Assets of community value

Paul Hilsdon, Geldards, Derby

Legislation on assets of community value, the Localism Act 2011 and the Assets of Community Value (England) Regulations 2012, is intended to empower local communities to protect assets of value to the community by ensuring that they know of intended disposals and have time to bid for those assets. As a result, local authorities in England have acquired responsibilities for maintaining lists of assets of community value and lists of unsuccessful nominations for inclusion on those lists. They are also liable to pay compensation to landowners who suffer losses as a result of their properties being listed as assets of community value. Local authorities should ensure that they are familiar both with the legislation and the implications of case law so as to manage pressure on their resources and avoid challenges to their decisions.

Community nominations to include land on a local authority’s list may be made by a parish council in the area or a voluntary or community body with a local connection. If a community nomination is made relating to land which is in a local authority’s area and is of community value, the local authority must include it on the list. This is subject to exceptions specified in the Assets of Community Value Regulations, such as residences.

Section 88 of the Localism Act defines land as being of community value in two circumstances. One is that a current non-ancillary use of the land furthers the social wellbeing or social interests of the local community and it is realistic to think that there can continue to be non-ancillary use which will do so. The other is that a non-ancillary use in the recent past furthered the social wellbeing or interests of the local community and it is realistic to think that a non-ancillary use could do so in the next five years. Social interests for the purposes of section 88 include cultural, recreational and sporting interests.

For a landowner, the main implications of land being an asset of community value are notification and moratorium requirements. The landowner must notify the local authority of their intention to dispose of the land. There is then an interim moratorium period of six weeks when a community interest group, as defined in the regulations, can request to be treated as a potential bidder. If a community interest group does this, a full moratorium period of six months applies during which the owner cannot dispose of the land other than to a community interest group. The intention is to ensure that community interest groups are aware of the intended disposal and have time to prepare a bid.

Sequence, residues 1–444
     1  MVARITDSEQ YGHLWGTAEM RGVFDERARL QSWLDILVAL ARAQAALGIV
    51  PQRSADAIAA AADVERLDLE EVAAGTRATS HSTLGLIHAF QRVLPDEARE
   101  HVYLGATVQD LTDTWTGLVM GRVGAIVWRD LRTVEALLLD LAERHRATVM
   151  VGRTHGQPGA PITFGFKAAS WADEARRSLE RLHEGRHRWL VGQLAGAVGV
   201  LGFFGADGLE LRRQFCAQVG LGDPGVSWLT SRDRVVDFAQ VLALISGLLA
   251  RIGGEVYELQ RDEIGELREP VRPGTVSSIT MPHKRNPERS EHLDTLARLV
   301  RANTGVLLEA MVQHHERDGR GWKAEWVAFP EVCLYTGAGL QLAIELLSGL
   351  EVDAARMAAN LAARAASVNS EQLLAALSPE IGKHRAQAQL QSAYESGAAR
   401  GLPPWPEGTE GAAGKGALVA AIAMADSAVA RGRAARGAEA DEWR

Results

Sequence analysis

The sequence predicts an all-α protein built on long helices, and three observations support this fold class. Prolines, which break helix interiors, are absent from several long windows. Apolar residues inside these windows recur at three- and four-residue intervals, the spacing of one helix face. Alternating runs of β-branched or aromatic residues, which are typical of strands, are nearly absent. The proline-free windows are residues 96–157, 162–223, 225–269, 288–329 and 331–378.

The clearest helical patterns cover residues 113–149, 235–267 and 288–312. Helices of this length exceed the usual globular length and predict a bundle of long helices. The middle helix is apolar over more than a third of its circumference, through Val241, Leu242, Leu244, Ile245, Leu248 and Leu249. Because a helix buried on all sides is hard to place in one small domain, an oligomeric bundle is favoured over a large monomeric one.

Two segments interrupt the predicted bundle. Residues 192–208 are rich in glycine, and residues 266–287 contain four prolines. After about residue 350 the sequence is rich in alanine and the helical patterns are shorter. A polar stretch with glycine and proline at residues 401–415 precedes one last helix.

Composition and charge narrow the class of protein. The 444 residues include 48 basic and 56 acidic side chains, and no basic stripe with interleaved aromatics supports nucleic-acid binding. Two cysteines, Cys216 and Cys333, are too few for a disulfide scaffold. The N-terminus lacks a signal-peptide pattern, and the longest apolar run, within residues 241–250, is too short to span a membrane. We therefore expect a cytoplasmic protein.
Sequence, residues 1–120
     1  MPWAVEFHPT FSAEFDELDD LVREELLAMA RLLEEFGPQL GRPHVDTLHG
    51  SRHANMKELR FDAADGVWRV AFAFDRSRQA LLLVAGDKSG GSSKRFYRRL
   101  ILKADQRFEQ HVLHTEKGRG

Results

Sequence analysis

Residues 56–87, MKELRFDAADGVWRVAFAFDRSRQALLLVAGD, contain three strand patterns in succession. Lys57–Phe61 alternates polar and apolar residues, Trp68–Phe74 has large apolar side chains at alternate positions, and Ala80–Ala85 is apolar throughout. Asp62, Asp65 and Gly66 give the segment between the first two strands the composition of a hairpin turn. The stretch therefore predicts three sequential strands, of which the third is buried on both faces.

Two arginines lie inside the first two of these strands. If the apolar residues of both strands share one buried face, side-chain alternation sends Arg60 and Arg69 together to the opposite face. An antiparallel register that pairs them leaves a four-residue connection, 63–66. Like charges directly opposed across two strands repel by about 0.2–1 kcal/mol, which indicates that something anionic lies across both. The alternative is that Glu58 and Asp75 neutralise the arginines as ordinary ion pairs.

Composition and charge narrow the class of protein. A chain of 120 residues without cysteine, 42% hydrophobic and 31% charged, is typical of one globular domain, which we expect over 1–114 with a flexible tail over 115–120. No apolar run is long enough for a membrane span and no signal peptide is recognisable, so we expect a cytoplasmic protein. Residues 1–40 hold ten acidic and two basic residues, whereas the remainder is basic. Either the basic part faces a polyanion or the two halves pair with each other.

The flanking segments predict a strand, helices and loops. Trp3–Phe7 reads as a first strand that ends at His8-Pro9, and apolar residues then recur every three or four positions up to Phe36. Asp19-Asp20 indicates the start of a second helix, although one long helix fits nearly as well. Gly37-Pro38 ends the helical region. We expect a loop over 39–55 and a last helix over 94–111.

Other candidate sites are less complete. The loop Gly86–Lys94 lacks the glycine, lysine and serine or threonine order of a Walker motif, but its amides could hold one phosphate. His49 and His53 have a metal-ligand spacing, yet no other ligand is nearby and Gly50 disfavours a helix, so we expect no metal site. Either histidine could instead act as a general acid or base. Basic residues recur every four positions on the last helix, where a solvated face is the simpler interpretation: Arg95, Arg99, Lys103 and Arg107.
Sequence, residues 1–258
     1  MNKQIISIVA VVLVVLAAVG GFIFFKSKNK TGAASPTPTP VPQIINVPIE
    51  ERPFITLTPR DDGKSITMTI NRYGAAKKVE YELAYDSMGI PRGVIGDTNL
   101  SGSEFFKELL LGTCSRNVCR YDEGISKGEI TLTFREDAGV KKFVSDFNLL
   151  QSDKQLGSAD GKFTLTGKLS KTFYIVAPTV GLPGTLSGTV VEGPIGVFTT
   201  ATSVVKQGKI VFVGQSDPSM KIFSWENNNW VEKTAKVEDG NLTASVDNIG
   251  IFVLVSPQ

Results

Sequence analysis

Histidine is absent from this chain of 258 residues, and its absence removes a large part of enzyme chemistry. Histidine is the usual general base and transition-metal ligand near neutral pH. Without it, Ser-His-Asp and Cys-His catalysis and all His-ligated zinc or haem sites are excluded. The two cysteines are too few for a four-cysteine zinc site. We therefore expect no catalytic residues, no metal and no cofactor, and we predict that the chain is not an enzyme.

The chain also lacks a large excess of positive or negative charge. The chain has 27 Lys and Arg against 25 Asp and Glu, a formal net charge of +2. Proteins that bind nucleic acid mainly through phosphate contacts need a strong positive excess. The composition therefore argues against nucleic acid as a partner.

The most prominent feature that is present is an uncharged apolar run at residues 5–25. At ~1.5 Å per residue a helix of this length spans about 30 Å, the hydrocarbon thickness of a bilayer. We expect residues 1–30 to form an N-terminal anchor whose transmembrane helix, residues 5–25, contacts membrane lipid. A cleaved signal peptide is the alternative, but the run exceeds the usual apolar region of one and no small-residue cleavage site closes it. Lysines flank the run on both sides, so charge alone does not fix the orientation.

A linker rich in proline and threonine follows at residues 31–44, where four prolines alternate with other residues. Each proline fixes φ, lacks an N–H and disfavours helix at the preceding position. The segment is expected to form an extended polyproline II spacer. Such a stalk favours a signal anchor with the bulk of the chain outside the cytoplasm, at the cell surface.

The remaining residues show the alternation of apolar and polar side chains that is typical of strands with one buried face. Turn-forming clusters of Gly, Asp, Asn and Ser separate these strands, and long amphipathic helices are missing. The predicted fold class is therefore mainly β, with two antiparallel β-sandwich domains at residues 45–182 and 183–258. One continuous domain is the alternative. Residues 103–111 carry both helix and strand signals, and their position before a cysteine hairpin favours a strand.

In recognition of the potential impact on landowners, the Assets of Community Value Regulations give them the right to seek compensation from the local authority for loss or expense suffered as a result of the listing of their land as an asset of community value. Landowners have rights to require local authorities to review decisions to include land on their lists and decisions about compensation. If they are dissatisfied with the outcome of a review, they may appeal to the First-Tier Tribunal.

The legislation has imposed detailed requirements but the cases heard by the First-Tier Tribunal General Regulatory Chamber have given added insight into aspects that can be contentious. Some interesting points have emerged:

  • The planning position is relevant to the question of whether it is realistic to think that a property could be used for the social wellbeing or social interests of the local community. In Haddon Property Development Ltd v Cheshire East Council and Wychwood Community Group CR/2015/0017, it was found that this was not realistic for a golf clubhouse which had been built with temporary planning permission and was an unauthorised development when it was nominated as an asset of community value.